is for the sake of those misguided citizens who may unite to form it. It is because we see the terrible injustice of which they render themselves guilty, and the awful judg. ments they may provoke. We say to them, as St. Justin Martyr said to the Roman emperors, " Take heed how you hearken only to unjust accusations; fear lest an excessive complaisance for superstitious men, a haste as blind as rash, old prejudices which have no foundation but calumny, may cause you to pronounce a terrible sentence against your. selves. As for us, nobody can harm us, unless we harm ourselves, unless we ourselves become guilty of some injustice. You may indeed kill us, but you cannot injure us.” It is for our countrymen, who will render themselves guilty of gross wrong, of terrible sin, that we fear. They are engaged in an unholy cause, and, if they persist, cannot fail to draw down the judgments of Almighty God upon their guilty heads. They can shoot us down in the streets; they may break up our schools and seminaries; they may desecrate and burn our churches. Such things have been, and may be again; but it becomes those who have been and may be the perpetrators of such things to pause and ask themselves what manner of spirit they are of; and how, in that day of solemn reckoning which must come to us all, they will answer the inexorable Judge for their abuse, their riots, their murder, and their sacrilege. As they love their own souls, and desire good, we entreat them to beware how they plunge deeper in sin, and rekindle the torch of persecution. For their sakes, not for ours, we pray them to pause before they go further, and to make their peace with the Son of God.
LABOR AND ASSOCIATION.
[From Brownson's Quarterly Review for January, 1848.]
UNLESS the estimable and accomplished translator has greatly improved upon his author, M. Briancourt is one of the most agreeable writers attached to the school of Association with whom we are acquainted. He appears to be sincere, earnest, gentle, and philanthropic; and he writes with ability, ease, vivacity, and grace. His pages have, comparatively, little of that barbarous terminology which renders the writers of the associationists, in general, so forbidding to all but adepts. If we had the least conceivable sympathy with his doctrines and schemes, we could read him with pleasure, and, at times, with admiration ; and we cannot but regard his little work as the best summary of the plans and hopes of his school which has as yet appeared.
But the more able, skilful, and fascinating is a writer, the more dangerous and carefully to be eschewed are his writings, if devoted to the propagation of false and mischievous theories. Error, though reason be free to combat it, is never harmless, any more than poison, because its antidote may be known and at hand. It may, upon the whole, be more prudent to allow it free course, than, by attempting its suppression by force, to run the risk of also suppressing the truth; but however that may or may not be, the publication of error is always an evil which no freedom of its contradictory truth can ever wholly prevent or overcome. No man ever puts forth a system of unmixed falsehood; and the currency his error gains is always by virtue of the truth he mixes with it, and which he misinterprets and misapplies. To unravel his web of sophistry, to pick out his tangled yarn, or separate what is true from what is false, is a task of no small difficulty, and requires a patience of investigation, habits of nice discrimination and of close and rigid reasoning, which can be expected only from the gifted and thoroughly disciplined few, and rarely even from these. An error may be stated in a few words, in a popular form, and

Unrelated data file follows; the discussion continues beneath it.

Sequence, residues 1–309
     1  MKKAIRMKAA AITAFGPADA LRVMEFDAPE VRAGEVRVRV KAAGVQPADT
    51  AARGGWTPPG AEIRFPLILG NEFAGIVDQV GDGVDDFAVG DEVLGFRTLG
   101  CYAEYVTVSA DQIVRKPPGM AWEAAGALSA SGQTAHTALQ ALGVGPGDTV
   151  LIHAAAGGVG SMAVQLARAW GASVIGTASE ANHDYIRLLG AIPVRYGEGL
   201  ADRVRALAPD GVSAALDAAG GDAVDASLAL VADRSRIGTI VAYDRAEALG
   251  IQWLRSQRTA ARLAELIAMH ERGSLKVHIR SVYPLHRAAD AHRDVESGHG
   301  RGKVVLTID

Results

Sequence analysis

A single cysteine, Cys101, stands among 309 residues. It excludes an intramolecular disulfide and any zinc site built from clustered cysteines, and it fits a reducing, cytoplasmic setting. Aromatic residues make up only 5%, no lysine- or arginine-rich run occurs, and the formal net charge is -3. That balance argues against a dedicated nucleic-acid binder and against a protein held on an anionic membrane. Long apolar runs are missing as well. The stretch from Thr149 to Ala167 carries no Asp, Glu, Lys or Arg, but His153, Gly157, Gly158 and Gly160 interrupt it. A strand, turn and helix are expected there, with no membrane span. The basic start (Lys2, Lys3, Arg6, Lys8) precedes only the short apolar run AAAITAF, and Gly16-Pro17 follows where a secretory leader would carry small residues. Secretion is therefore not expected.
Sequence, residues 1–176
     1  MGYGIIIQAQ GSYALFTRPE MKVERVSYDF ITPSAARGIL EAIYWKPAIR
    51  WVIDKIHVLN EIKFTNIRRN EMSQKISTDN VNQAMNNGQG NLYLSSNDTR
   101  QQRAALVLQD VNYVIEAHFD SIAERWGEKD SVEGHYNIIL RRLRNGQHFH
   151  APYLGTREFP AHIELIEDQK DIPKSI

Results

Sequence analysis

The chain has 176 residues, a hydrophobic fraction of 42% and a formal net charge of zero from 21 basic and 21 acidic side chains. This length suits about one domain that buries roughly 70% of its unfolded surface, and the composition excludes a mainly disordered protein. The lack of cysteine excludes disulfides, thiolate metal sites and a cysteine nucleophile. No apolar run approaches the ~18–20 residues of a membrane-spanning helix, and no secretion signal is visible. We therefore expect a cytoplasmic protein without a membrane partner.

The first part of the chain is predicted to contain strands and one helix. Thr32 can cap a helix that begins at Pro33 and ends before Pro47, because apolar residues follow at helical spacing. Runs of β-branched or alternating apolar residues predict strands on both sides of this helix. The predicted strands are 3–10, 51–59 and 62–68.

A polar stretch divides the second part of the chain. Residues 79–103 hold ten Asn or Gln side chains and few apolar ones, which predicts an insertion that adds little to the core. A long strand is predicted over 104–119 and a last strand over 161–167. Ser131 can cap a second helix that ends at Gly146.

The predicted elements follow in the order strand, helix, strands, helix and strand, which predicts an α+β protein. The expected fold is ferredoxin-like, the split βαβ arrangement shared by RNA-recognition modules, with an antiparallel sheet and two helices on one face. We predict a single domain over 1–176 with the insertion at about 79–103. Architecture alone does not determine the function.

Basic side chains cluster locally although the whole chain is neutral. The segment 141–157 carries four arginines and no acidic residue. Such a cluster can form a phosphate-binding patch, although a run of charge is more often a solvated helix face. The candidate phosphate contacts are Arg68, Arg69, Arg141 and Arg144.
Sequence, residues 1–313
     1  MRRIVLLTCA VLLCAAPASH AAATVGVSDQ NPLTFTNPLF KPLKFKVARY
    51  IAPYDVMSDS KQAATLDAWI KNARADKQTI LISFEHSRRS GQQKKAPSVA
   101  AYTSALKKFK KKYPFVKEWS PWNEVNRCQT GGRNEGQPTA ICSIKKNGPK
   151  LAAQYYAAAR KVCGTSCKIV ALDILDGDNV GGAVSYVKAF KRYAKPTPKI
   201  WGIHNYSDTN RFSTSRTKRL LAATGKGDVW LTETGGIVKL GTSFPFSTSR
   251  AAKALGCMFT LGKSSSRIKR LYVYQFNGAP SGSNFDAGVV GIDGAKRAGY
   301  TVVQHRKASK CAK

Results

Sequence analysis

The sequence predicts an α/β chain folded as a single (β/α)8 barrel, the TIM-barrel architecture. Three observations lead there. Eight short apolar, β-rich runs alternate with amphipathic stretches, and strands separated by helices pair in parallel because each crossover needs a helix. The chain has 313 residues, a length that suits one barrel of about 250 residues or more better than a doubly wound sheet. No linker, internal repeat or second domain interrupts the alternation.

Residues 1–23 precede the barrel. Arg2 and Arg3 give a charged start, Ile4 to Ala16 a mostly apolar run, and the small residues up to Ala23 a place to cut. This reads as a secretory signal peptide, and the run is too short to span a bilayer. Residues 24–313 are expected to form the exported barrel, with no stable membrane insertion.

* Organization of Labor and Association. By Math. BRIANCOURT. Translated by FRANCIS Geo. SHAW. New York: 1847.
clothed with a brilliant and captivating dress, which, nevertheless, is not to be refuted, nor its truth, which gives it currency, separated from the falsehood which renders it mischievous, without long, elaborate, and abstruse reasoning, subtile distinctions, and exact definitions, beyond the capacity of the generality, usually held by them in detestation, and of which they are always impatient. But even if the refutation could be presented in a popular form, the majority of those who have embraced the error would not profit by it. Having adopted the error and committed themselves to it, they are unwilling to listen to any thing which may be urged against it, lest perchance it may disturb the tranquillity of their conviction, mortify their pride, or affect unfavorably their reputation. Hence it is that nothing is more difficult than to recall or repress an error once fairly in circulation. Hence it is that we can never allow ourselves to commend a work, however kindly disposed we may be towards its author, which, in our judgmnent, or according to the rule of judgment we are bound to follow, teaches a false doctrine or proposes a visionary scheme. The reading of such works, when not absolutely hurtful, is unprofitable, and no man can justify it, unless it be to refute them, and guard the public against their dangerous tendencies. The associationists, then, must not be surprised, if we notice M. Briancourt's work only to censure it.
That M. Briancourt's doctrine is unsound, no argument is needed to prove.
No man, who proposes a doctrine which reverses all that has hitherto been regarded as settled, is ever entitled even to a hearing. He who, on his own authority, gives the lie to all men, of all ages and nations, gives to every man the best of all possible human reasons for giving the lie to him. If reason is to be trusted, the reason of all ages and nations overrides his; if it is not to be trusted, he has no authority for what he proposes. He places himself in an awkward position, who, asserting the authority of reason, yet opposes his own reason to the reason of all men. He must be a bold man, a man of unbounded self-confidence, the very sublime of egotism, who dares pretend, that, on his reason alone, the whole world may be rationally convicted of having blundered. They have all the attributes he can claim; why, then, assume that they have all blundered, and that he alone has hit upon the truth? Truth is revealed to the humble and childlike, not to the proud and arrogant; and who is prouder or more ar